Stanford senior setter Bryn Kehoe was a little late for her post-match press conference Saturday night. Cardinal coach John Dunning was surprised she even showed up at all.
Kehoe took Stanford's 30-25, 30-26, 23-30, 19-30, 15-8 defeat to top-ranked Penn State in the national championship game at ARCO Arena pretty hard. While her teammates were also crushed by the heart-breaking setback, for Kehoe, it was her final game in a Cardinal uniform.
She took her spot at the table -- her eyes narrowed from the tears -- and put on her best face. But that's what makes Kehoe special; she stuck in there through good times and bad times. She refused to take the easy way out.
"I'm grateful I had the opportunity to represent Stanford for four years," Kehoe said. "I'm grateful that my family was able to support me my entire four years. I'm grateful for my great coaching staff that has supported me throughout my four years and I'm grateful for my wonderful teammates, who have not only been great teammates, but great friends."
Kehoe's legacy at Stanford defies description. She leaves as the Cardinal's all-time assist leader with 5,956 during her distinguished career, and as the all-time leader with 13.32 assists per game.
She owns the top two single-season assist marks in school history, recording a then- school record 1,637 as a freshman, and topping that with 1,742 this year. Her 14.40 assists per game this season is also a school record.
She's also among the top 10 in Cardinal history with 1,220 digs (7th) and 130 service aces (5th).
Statistics can tell only a small part of Kehoe's importance to her teammates and to the program. The All-American will be training with the U.S. national team in hopes of representing the United States in the 2008 Beijing Olympics.
She won't be the only one from this year's Stanford team. Fellow All-Americans Foluke Akinradewo and Cynthia Barboza join her at the national camp.
"She's such a good athlete, so competitive," Barboza said of Kehoe. "You can tell she's giving her best on every play. It's awesome to have a player like that on the court with you."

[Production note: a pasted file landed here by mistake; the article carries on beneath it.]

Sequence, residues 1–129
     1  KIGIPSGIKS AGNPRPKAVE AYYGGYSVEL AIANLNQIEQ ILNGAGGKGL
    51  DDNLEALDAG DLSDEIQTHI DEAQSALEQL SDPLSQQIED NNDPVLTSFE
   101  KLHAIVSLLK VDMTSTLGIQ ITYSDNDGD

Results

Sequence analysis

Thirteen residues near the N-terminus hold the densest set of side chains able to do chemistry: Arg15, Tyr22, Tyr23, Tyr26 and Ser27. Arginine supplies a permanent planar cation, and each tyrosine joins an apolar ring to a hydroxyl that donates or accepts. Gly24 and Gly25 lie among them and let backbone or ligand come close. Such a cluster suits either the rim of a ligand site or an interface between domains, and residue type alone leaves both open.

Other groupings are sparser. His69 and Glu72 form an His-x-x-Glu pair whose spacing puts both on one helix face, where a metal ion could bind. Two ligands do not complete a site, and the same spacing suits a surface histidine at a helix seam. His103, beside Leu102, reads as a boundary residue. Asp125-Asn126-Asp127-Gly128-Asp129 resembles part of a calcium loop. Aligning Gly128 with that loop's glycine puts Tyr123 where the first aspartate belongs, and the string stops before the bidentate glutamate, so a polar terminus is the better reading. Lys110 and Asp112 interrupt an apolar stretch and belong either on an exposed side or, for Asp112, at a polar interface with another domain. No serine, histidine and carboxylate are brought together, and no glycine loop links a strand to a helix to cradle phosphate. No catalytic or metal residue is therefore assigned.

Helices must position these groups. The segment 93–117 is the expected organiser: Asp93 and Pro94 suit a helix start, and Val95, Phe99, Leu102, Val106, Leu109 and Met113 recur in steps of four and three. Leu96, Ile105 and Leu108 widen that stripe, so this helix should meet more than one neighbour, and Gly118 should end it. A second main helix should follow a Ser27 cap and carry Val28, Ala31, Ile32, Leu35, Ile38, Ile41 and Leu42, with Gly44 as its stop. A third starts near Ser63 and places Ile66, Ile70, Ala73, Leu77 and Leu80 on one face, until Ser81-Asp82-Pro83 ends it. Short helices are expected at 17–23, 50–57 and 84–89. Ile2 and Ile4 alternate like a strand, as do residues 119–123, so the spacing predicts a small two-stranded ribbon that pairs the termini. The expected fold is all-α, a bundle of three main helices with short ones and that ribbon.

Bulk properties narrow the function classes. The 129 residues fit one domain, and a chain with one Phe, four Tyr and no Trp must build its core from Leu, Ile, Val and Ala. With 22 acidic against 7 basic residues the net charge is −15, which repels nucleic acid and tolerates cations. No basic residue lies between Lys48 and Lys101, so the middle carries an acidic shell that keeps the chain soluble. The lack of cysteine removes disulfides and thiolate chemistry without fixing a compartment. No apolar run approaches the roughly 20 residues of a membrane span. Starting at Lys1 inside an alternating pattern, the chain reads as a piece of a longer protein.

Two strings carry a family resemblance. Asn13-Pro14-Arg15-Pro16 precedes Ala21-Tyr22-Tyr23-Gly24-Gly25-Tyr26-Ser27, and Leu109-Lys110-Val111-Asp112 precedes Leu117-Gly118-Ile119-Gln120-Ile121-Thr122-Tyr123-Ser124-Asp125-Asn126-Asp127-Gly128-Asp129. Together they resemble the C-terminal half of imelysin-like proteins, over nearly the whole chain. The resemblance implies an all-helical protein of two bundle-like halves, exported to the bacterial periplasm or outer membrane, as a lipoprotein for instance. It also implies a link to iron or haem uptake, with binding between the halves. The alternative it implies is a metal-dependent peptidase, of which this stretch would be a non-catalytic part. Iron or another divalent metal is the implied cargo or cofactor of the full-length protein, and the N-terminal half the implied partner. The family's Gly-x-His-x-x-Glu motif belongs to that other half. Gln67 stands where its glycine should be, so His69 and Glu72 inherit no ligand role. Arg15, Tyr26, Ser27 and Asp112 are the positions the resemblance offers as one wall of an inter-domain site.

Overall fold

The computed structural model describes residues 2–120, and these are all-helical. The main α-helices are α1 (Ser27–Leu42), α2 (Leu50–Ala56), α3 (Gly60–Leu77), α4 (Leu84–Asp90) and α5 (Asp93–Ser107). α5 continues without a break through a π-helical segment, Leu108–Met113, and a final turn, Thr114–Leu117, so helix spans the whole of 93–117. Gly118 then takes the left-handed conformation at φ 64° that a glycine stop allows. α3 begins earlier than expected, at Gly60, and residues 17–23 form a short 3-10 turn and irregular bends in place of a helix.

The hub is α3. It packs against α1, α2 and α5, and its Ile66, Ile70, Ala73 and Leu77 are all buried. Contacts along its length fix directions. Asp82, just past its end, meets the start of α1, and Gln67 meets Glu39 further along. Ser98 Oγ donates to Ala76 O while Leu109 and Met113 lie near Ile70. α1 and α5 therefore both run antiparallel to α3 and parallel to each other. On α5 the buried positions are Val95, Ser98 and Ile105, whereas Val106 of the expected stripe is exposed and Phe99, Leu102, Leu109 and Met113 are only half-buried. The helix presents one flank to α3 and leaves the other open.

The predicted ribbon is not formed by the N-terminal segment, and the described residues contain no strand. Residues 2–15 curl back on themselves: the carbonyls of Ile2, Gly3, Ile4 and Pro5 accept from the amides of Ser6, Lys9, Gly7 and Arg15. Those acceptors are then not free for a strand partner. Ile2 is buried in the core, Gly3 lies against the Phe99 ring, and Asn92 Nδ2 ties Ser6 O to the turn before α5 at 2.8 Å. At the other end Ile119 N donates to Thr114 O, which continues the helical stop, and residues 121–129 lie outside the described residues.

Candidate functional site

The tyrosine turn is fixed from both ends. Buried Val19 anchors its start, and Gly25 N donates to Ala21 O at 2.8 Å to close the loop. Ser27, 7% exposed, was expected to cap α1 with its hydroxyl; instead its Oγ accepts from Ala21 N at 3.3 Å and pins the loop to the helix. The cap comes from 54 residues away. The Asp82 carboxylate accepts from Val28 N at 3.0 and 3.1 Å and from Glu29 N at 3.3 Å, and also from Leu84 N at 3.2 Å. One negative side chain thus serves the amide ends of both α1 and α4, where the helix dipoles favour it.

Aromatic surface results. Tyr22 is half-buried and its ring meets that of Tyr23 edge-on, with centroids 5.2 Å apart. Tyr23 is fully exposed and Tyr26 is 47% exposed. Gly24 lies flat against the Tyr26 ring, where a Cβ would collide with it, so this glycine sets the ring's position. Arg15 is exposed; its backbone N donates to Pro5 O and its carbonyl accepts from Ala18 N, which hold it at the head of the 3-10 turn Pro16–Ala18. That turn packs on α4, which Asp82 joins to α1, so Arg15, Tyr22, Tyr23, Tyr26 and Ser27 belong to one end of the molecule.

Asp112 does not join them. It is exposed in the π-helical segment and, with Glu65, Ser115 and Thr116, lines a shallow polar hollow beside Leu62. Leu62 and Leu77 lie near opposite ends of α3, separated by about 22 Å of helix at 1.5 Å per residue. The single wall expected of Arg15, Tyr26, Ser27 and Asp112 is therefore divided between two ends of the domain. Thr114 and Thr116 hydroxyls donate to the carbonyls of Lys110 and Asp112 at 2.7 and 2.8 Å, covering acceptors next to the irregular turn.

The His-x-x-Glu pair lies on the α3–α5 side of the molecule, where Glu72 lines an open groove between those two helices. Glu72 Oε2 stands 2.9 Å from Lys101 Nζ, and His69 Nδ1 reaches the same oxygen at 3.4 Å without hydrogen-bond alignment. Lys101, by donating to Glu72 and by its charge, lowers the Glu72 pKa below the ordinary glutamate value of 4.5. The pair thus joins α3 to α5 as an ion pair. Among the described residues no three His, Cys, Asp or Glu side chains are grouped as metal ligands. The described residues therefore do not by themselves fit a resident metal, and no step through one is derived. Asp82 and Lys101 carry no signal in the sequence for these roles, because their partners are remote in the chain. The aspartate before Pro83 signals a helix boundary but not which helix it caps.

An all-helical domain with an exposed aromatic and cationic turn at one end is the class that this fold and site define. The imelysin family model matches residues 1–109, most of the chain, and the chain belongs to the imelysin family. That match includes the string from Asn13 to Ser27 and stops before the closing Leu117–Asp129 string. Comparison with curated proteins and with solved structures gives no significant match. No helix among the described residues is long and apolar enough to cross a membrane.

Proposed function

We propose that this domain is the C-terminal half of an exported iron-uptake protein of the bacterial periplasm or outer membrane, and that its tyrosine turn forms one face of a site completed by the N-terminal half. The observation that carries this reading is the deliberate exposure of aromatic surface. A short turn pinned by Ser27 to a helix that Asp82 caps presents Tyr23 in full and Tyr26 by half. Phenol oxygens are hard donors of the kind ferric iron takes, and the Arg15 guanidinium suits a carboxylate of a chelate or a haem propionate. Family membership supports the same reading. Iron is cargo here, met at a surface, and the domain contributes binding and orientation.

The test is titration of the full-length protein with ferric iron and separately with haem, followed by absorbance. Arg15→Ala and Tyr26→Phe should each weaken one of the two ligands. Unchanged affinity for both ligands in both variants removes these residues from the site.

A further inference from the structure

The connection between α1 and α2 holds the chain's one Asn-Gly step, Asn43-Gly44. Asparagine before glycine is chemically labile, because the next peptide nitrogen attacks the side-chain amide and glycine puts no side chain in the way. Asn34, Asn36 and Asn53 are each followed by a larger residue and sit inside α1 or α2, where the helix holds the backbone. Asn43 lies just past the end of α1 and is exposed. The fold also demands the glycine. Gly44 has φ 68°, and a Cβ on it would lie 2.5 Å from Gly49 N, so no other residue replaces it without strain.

Akinradewo was named the National Player of the Year on Friday after another record-setting year. She's one of four finalists for the Honda Sports Award in Women's Volleyball.
Freshman Alix Klineman was also named to the All-American team.
Senior middle blocker Franci Girard (841 career kills) also gave her final performance as a Cardinal.
"I think I can look back to Bryn's freshman year and remember after a loss how inconsolable and responsible she felt and I know that's exactly the way that Bryn and Franci feel right now," Dunning said. "They're leaders on our team, they're captains on our team, and they've been to three Finals matches in their careers. They are just great people. They have meant a lot to our program and always will, and I am sure they will go on to great things after this. But I don't know if they can even talk right now. It's very difficult to step in and sit in front of you and talk to you after the feelings they have."
Akinradewo, flirting with a national hitting record, earned her Player of the Year honors after successfully smacking the ball at a rate of .499. The NCAA mark is .504.
"It's all worth it," Akinradewo said. "This is why we come to the court every day, and why we practice hard and work so hard. Sometimes you just make mistakes."